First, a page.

Similarly, Biden’s sometimes painful effort to stay on the good side of teachers unions — a core constituency — illuminates how the Democratic base isn’t on the same page with most of the public on what constitutes normalcy.

And that points to the third normal. Among party activists, the presidency is supposed to be an engine for social progress. A restoration of serenity and equipoise, which Biden hinted at in his inaugural, is the last thing the base wants from this White House. The base wants action of the sort they expected from Obama. Indeed, they want Obama-plus, given that the new conventional wisdom on much of the left is that the Obama years were a “wasted opportunity.”

Biden’s almost unprecedented suite of executive orders dismantling much of Trump’s legacy but also pushing a base-pandering agenda on everything from energy to racial and transgender issues is its own kind of a return to normalcy — the normal partisan and ideological activism we’ve come to expect from presidents.

This third normalcy is the most regrettable, but it’s likely to be the most enduring, which is why our politics will ultimately be equipoise-free for the long haul.

Twitter: @JonahDispatch

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Opinion

NYC needs a fighter for mayor, not a technocrat

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NYC needs a fighter for mayor, not a technocrat

Former Sanitation Commissioner Kathryn Garcia touts her career in city government and technocratic skills as reasons she should be your pick for mayor. Problem is, what New York needs right now is not just impressive-sounding plans, but the ability to fight for what the city needs.

Frankly, being a good-government star of the de Blasio city administration is a pretty minor achievement: The competition wasn’t exactly fierce. Nor did Garcia’s much-touted talent for logistics always prove true.

Back in November 2018, a mere six inches of snow paralyzed the city and left thousands of schoolkids trapped on school buses for hours. The response was so poor that Council Speaker Corey Johnson called for hearings into Garcia’s handling of the storm. She also ran into trouble as interim city Housing Authority chief, letting the insiders lead her to deliver false testimony about lead-paint remediation.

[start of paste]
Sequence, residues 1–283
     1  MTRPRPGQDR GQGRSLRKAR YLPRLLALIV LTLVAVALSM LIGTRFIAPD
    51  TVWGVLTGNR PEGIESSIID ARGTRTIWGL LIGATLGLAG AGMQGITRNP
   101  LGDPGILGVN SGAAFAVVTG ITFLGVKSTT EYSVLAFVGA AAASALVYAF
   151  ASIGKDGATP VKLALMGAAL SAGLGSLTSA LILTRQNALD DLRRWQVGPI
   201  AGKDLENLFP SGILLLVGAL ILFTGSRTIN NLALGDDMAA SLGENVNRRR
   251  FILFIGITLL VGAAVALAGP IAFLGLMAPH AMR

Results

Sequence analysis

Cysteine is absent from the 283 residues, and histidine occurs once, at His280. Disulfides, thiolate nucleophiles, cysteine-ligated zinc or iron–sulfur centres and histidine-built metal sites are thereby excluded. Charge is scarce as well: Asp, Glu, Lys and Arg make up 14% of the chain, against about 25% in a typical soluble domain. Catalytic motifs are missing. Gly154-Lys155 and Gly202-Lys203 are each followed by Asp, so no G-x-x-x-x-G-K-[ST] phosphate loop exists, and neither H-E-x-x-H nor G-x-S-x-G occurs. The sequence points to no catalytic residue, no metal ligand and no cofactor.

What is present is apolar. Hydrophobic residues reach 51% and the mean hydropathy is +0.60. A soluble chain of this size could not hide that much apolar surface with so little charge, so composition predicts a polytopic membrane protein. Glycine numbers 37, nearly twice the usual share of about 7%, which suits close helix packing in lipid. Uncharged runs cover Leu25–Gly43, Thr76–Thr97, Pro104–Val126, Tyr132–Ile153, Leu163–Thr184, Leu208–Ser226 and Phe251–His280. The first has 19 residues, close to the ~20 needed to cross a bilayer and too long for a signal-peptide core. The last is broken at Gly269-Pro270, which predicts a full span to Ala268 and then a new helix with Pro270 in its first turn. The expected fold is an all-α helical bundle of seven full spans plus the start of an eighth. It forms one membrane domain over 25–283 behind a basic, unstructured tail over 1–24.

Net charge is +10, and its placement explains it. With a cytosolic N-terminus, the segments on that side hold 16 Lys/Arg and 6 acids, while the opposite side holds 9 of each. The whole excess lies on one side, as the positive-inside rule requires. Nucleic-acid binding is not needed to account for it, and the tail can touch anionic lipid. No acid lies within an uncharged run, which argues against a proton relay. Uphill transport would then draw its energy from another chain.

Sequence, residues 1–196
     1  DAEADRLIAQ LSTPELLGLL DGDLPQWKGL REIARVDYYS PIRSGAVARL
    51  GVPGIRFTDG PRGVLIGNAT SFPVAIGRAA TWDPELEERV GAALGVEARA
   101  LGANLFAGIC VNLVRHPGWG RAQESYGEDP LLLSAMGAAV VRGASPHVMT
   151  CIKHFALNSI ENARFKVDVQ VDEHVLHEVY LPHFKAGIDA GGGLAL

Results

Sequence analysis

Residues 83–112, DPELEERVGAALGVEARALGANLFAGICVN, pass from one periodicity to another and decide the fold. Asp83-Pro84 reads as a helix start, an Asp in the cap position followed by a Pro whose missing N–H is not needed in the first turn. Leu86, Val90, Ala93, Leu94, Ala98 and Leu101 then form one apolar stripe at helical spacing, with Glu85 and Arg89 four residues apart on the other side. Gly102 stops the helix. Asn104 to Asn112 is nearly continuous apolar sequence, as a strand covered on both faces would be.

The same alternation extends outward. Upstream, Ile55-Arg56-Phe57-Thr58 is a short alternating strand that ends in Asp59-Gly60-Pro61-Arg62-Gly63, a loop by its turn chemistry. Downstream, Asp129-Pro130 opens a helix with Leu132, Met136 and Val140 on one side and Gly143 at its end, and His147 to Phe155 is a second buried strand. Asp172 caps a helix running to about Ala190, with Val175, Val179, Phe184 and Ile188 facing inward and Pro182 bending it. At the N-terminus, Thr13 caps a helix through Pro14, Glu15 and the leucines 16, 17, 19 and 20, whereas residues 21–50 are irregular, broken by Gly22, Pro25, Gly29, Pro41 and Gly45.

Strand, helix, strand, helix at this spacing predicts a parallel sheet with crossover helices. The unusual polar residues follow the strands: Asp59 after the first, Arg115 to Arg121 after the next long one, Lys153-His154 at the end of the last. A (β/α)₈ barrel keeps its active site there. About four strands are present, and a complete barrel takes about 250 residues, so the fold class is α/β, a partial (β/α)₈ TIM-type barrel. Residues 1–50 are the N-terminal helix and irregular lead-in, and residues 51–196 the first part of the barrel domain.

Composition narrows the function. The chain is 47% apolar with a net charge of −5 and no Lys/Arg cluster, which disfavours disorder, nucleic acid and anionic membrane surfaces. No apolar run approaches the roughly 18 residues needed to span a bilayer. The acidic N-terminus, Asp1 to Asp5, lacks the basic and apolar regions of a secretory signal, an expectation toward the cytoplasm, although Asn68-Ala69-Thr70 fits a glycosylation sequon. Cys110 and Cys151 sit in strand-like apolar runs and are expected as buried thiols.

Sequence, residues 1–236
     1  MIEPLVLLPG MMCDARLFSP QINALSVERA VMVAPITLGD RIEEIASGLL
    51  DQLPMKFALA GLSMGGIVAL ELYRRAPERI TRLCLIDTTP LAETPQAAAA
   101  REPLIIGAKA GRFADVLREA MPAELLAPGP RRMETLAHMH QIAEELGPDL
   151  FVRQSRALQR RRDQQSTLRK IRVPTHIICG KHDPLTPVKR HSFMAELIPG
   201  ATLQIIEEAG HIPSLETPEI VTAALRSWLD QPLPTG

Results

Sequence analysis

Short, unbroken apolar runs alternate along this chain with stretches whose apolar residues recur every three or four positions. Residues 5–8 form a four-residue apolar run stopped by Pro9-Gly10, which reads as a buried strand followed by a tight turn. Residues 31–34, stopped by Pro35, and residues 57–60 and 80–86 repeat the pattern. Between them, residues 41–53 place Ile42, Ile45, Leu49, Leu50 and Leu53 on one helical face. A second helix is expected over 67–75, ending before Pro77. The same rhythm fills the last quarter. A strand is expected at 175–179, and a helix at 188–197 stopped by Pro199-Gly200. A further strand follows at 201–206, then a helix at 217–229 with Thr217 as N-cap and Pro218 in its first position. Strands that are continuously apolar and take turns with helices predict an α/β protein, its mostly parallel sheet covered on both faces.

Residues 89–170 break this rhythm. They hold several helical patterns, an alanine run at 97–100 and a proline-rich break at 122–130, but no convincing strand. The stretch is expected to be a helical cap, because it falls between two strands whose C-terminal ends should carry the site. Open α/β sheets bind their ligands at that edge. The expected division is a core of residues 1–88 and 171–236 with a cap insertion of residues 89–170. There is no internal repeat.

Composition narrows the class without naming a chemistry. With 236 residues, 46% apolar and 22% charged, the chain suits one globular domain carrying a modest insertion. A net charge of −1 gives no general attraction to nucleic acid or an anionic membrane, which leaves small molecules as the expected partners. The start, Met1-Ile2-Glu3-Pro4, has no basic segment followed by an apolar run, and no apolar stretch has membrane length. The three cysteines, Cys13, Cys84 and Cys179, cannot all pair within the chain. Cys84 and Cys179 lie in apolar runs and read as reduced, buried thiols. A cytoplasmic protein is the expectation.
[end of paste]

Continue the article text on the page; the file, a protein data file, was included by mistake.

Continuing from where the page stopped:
During the lockdowns, the mayor put her in charge of delivering emergency food to needy seniors. But her system demanded seniors use unfamiliar technology to sign up, and as The Post reported, the “beneficiaries” also had issues with food quality and delivery.

But the bigger issue isn’t dealing with the bureaucracy, but with the politicians. It’s not enough to reject “Defund the Police” nonsense: The city’s next mayor will need to muscle the City Council and Legislature into amending the anti-anti-crime laws they’ve passed in recent years, from the city’s “chokehold” mistake to the disastrous “no bail” legislation.

Brooklyn’s Eric Adams has the contacts from his time in the state Senate to move Albany, and the cred from a lifetime of fighting for police reform to argue persuasively against bad police reforms.

Garcia just hasn’t been in the political trenches. Indeed, two veteran Democratic operatives told The Post’s Julia Marsh that her lack of such seasoning would harm her ability to handle pressure from Gov. Andrew Cuomo, the council and the feds.

Coming out of the pandemic, New York City faces multiple crises: public safety, fiscal, economic. The next mayor can hire wonks, planners and managers; the talent he or she must have is a proven ability to make the right calls, as Adams did in centering his campaign on public safety from the start, and to beat the other politicians into going along. That’s why Eric Adams remains our choice.